Cariprazine (Vraylar): Uses, Benefits, How it works, Side Effects

What Is Cariprazine (Vraylar) And What Does It Treat?

Cariprazine (Vraylar) is a novel antipsychotic drug used to treat schizophrenia (a mental illness that causes disturbed or unusual thinking, loss of interest in life, and strong or inappropriate emotions). Cariprazine (Vraylar) is also used to treat episodes of depression in people with bipolar I disorder (manic depressive disorder; a disease that causes episodes of mania, episodes of depression, and other abnormal moods). It is also used as a short-term treatment for episodes of mania or mixed episodes (symptoms of mania and depression that happen together) in people with bipolar I disorder.

Cariprazine (Vraylar) may also be helpful when prescribed “off-label” for other mental health conditions. “Off-label” means that it has not been approved by the Food and Drug Administration for this condition. Your mental health provider should justify his or her thinking in recommending an “off-label” treatment. They should be clear about the limits of the research around that medication and if there are any other options.

How does Cariprazine (Vraylar) work?

Cariprazine (Vraylar) is in a class of medications called atypical antipsychotics. It works by changing the activity of certain natural substances in the brain to treat schizophrenia. It is also known as a second-generation antipsychotic (SGA). Cariprazine (Vraylar) rebalances dopamine and serotonin to improve thinking, mood, and behavior.

Cariprazine attaches to receptors (targets) in the brain for two neurotransmitters called dopamine and serotonin, which nerve cells use to communicate with neighboring cells. Since dopamine and serotonin play a role in schizophrenia, by attaching to their receptors, cariprazine helps normalize the activity of the brain. This reduces symptoms of schizophrenia and prevents them from returning.

What benefits of Cariprazine (Vraylar) have been shown in studies?

Studies showed that Cariprazine (Vraylar) improves symptoms of schizophrenia and prevents symptoms from returning.

In three main studies in a total of 1,795 adults, Cariprazine (Vraylar) was more effective than placebo (a dummy treatment) at reducing symptoms on a standard rating scale called PANSS (positive and negative syndrome scale). The PANSS score, which ranges from a minimum of 30 (no symptoms) to a maximum of 210 (severest symptoms), was around 96 at the start of treatment. After 6 weeks, depending on the study, the PANSS score fell by 17 to 23 points with Cariprazine (Vraylar) compared with 9 to 14 points with placebo.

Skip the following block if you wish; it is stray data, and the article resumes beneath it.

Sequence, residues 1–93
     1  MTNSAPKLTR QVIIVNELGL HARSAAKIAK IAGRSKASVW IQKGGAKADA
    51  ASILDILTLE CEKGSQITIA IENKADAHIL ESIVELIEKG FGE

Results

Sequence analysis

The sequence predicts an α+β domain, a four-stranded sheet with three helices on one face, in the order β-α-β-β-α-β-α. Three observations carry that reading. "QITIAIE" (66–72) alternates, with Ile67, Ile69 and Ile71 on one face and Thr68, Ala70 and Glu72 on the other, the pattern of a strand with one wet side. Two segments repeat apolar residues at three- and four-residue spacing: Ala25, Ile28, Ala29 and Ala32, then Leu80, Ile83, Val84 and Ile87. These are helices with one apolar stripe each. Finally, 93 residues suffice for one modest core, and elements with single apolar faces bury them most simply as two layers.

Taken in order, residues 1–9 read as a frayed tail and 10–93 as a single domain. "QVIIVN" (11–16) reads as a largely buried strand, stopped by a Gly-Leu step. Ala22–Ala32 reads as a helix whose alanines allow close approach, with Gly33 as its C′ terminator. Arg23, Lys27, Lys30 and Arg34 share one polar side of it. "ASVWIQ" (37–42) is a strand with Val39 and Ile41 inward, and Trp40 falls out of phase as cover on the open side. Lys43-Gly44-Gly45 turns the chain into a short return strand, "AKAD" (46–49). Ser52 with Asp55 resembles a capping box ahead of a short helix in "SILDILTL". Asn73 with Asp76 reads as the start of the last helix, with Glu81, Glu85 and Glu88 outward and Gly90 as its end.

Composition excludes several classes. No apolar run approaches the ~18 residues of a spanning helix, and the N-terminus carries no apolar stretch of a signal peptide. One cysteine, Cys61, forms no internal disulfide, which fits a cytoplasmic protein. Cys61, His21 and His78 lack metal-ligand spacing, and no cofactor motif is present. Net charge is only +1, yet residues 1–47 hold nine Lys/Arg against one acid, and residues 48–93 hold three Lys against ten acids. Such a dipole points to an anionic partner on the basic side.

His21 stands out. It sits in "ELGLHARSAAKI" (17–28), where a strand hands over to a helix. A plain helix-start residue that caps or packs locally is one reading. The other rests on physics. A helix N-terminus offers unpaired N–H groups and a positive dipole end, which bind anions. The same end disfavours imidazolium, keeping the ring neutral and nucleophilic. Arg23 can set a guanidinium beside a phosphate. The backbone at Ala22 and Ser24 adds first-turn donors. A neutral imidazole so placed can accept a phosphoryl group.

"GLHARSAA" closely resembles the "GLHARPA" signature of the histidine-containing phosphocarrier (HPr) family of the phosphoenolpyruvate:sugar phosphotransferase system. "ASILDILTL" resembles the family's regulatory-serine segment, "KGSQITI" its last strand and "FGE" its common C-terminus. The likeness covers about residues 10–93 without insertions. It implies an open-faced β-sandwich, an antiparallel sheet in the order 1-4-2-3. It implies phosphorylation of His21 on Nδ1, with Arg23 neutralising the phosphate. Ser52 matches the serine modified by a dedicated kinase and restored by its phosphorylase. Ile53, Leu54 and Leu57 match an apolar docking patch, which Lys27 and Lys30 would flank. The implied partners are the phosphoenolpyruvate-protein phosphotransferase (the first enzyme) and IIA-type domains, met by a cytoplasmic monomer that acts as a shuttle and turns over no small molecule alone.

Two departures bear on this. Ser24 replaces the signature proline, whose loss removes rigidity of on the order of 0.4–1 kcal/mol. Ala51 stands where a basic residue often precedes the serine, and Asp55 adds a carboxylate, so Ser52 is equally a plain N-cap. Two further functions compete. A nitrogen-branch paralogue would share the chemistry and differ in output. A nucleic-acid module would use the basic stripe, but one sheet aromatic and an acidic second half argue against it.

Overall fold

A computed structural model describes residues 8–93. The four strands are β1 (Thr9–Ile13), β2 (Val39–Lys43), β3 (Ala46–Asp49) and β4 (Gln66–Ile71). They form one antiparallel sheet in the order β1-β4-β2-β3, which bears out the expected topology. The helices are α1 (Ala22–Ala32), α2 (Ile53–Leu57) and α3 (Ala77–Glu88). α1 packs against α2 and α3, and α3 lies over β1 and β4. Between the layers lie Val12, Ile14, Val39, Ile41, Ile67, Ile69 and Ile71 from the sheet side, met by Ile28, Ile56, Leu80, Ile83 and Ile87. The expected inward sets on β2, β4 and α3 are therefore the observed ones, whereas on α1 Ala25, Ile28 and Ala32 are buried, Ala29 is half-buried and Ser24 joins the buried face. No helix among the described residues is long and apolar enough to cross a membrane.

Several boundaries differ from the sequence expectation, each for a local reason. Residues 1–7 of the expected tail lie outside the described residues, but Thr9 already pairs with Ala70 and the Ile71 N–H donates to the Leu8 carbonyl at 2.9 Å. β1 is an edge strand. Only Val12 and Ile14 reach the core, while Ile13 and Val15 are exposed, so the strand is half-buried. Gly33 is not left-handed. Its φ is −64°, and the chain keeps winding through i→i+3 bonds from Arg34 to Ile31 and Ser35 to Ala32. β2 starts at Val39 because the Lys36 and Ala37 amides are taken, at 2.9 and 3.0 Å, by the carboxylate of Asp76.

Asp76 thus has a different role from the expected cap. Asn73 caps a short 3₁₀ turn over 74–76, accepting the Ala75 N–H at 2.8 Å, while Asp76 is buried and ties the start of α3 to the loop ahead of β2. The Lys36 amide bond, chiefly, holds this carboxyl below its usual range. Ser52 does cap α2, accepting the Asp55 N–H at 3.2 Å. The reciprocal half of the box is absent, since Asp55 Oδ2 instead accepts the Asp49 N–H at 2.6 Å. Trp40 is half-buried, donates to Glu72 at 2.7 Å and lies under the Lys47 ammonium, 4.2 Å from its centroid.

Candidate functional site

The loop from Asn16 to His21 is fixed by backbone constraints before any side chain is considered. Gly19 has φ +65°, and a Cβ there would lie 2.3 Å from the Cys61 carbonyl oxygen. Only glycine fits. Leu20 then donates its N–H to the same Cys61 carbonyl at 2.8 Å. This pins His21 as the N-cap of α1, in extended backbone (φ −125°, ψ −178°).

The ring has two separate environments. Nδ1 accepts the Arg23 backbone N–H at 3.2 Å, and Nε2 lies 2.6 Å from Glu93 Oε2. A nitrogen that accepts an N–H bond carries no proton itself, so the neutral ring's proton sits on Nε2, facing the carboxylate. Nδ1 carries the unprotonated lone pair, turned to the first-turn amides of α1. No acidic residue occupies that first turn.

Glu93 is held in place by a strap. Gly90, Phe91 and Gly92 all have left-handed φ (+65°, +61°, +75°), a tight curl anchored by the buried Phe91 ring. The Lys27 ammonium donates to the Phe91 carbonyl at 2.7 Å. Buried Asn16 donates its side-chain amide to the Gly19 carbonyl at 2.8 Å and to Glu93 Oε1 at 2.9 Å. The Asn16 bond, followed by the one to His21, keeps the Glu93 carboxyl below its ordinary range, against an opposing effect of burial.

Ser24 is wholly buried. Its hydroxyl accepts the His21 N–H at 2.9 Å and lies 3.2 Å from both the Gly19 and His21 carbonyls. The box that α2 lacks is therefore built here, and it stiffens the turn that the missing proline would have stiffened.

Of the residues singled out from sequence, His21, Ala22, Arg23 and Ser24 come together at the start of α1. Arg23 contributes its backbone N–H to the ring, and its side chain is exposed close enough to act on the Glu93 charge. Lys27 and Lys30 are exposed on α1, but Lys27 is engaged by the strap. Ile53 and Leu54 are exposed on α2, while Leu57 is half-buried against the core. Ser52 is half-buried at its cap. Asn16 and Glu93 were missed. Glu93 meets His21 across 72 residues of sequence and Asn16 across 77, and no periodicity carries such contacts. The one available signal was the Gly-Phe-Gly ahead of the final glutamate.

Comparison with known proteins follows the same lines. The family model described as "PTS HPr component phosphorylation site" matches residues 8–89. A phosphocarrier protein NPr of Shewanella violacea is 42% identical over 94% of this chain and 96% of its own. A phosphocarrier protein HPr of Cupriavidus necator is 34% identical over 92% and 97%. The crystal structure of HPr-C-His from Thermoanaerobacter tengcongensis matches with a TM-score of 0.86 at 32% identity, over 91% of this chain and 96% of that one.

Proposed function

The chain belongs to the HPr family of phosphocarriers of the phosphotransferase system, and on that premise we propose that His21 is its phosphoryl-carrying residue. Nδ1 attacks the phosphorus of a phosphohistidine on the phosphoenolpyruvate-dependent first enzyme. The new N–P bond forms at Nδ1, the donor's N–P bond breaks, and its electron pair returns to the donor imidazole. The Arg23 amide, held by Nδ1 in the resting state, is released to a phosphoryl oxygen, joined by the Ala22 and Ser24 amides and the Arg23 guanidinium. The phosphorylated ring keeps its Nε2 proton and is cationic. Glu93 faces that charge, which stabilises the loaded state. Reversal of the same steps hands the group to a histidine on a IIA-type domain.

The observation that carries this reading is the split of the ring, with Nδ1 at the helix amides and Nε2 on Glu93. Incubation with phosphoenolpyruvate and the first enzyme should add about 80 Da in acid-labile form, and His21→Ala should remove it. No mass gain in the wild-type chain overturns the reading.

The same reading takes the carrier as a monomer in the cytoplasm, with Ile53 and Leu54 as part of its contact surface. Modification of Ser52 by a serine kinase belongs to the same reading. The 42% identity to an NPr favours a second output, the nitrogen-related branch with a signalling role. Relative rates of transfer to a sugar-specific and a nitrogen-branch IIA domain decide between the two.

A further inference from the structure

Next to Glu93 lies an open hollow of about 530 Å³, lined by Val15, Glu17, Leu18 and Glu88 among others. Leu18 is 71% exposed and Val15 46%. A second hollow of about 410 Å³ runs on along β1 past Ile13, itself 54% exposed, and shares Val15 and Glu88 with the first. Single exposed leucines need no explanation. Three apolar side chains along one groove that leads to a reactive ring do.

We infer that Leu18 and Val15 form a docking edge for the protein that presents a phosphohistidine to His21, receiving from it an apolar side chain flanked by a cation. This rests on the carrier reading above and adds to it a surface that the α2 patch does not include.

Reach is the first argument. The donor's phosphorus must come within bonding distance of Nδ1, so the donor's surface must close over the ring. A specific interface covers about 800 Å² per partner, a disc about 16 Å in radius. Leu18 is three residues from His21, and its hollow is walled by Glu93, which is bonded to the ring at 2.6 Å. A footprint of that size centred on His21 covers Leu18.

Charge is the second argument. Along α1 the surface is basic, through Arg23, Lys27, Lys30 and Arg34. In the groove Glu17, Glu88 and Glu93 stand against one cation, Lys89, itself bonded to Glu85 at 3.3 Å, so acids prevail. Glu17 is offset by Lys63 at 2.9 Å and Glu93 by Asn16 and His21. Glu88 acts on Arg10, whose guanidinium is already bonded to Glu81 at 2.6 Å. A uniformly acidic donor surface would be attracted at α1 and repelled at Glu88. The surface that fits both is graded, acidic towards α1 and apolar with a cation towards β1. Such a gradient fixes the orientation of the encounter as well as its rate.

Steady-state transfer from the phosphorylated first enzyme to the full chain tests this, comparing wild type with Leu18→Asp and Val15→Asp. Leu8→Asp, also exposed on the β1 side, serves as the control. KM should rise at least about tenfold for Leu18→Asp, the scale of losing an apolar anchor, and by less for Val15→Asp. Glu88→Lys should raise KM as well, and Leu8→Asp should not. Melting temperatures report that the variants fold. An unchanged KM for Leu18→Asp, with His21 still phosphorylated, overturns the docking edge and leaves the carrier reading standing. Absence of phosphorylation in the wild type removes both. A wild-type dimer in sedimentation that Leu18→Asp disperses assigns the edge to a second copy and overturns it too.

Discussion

A fourth main study in 461 patients who mostly had ‘negative’ symptoms (such as lack of drive, social withdrawal, and problems with attention and memory) and only a few ‘positive’ symptoms (such as delusions and hallucinations) showed that Cariprazine (Vraylar) was effective at treating negative symptoms: after 26 weeks of treatment Cariprazine (Vraylar) lowered the PANSS score for negative symptoms by around 9 points compared with around 7 points with another medicine, risperidone.

Finally, a fifth main study in 200 patients showed that Cariprazine (Vraylar) was more effective than placebo at preventing symptoms from coming back after initial treatment. Over a 72 week period, symptoms returned in a quarter of patients taking Cariprazine (Vraylar) compared with around half of those taking placebo.

What Is The Most Important Information I Should Know About Cariprazine (Vraylar)?

Schizophrenia requires long-term treatment. Do not stop taking cariprazine even when you feel better.

With input from you, your health care provider will assess how long you will need to take the medicine.

Missing doses of cariprazine may increase your risk for a relapse in your symptoms.

Do not stop taking cariprazine or change your dose without talking to your healthcare provider first.

For cariprazine to work properly, it should be taken every day as ordered by your healthcare provider.

What Should I Discuss With My Healthcare Provider Before Taking Cariprazine (Vraylar)?

•          Symptoms of your condition that bother you the most

•          If you have thoughts of suicide or harming yourself

•          Medications you have taken in the past for your condition, whether they were effective or caused any adverse effects

•          If you ever had muscle stiffness, shaking, tardive dyskinesia, neuroleptic malignant syndrome, or weight gain caused by a medication